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Foreign Earned Income Exclusion – Timing is Everything!



Pallav Acharya

Not many U.S. expatriates realize that the foreign earned income exclusion is an election and is not automatic. In a recent tax court Nancy McDonald learnt this in a painful way when her exclusion was denied. Nancy McDonald V. Commissioner TC Memo 2015-169.

IRC Section 911(a) provides that a qualified individual may elect to exclude from gross income the foreign earned income of such individual. To qualify for the foreign earned income exclusion (FEIE), the taxpayer must satisfy a three-part test:

1. Taxpayer must be a U.S. citizen who is a bona fide resident of a foreign country for an entire taxable year or physically present in a foreign country during at least 330 days out of a 12-month period, sec. 911(d)(1);

2. Taxpayer must have earned income from personal services rendered in a foreign country, sec. 911(d)(2); and

3. Taxpayer’s tax home for the period must be outside of the United States, sec.911(d)(3).

Although a taxpayer may satisfy these three requirements, the opening words of section 911(a)—“At the election of a qualified individual”—make clear that the taxpayer must also affirmatively elect to exclude the foreign earned income from his or her gross income.

Nancy McDonald, a U.S. citizen, left the United States in October 2009 to work overseas. Her Form 1040, “U.S. Individual Income Tax Return”, for that year was due on April 15, 2010. Ms. McDonald did not request an extension of time to file her 2009 return and did not timely file it. The IRS evidently received, from Ms. McDonald’s employer, information about her wages; and in January 2012 the IRS prepared and filed for Ms. McDonald a substitute for return for 2009, pursuant to section 6020(b).

On April 9, 2012, the IRS issued to Ms. McDonald a notice of deficiency (NOD) for 2009 based on the substitute for return. It was determined that there was a deficiency of $19,449 in tax and additions to tax under sections 6651(a)(1) and (2) and 6654.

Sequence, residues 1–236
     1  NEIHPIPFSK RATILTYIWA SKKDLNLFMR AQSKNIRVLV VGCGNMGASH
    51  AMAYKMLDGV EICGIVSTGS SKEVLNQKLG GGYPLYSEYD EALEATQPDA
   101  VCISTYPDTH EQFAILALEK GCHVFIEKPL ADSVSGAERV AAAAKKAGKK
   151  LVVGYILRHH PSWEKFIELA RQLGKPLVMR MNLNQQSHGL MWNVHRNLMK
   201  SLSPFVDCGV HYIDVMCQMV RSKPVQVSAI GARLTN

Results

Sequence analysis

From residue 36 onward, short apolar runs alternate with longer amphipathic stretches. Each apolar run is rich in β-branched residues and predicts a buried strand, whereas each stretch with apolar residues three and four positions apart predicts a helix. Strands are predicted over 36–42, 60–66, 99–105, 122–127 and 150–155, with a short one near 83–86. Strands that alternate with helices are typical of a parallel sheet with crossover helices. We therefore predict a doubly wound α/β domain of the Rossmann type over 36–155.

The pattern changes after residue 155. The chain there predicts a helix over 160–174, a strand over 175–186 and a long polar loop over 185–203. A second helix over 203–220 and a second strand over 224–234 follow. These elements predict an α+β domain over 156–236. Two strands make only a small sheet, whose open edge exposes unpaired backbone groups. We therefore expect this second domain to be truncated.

On May 18, 2012, Ms. McDonald filed her Form 1040 for 2009. The Form 1040 reported income of $101,244, but Ms. McDonald attached thereto a Form 2555, “Foreign Earned Income”, and claimed thereon an FEIE and excluded $23,032 from her total income. With her return Ms. McDonald sent the IRS a payment of $3,018, the balance due reported on her return. The IRS processed Ms. McDonald’s return and payment and closed the first NOD in July 2012.

Subsequently, the IRS selected Ms. McDonald’s 2009 return for audit. As a result of the audit, on June 20, 2013, the IRS issued Ms. McDonald a second NOD, upon which this case is based. The second NOD disallowed Ms. McDonald’s claimed Foreign Earned Income Exclusion because she:

1. did not make a valid election and file Form 2555 with a timely filed return;

2. did not elect to exclude the foreign income on a previous return; and

3. did not otherwise comply with the procedural rules to make a valid election to exclude the foreign income under section 1.911-7(a)(2).

In recent times when a number of taxpayers are coming forward to catch up and comply with the filing requirements due to FATCA impacts, this case serves as an important reminder as lack of knowledge can be a trap for the unwary. There are ways to avoid such scenarios. CPA Global Tax professionals can help.

Original Post By:  Pallav Acharya

Certified Public Accountant, Chartered Accountant and Chartered Global Management Accountant with a niche in international tax area since 1985. Specialties include cross border tax consultation and compliance for business and individual clients. Frequent speaker, author of articles on international tax topics. Founder- owner of boutique firm specializing in international tax planning and compliance.

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One comment

  1. Daniel Gray says:

    “There are ways to avoid such scenarios”. How can one avoid electing late if in fact electing late? The alternative to paying tax is claiming FTC , but that’s not doing what you claim to be able to do – to not be disallowed a late 2555 election.

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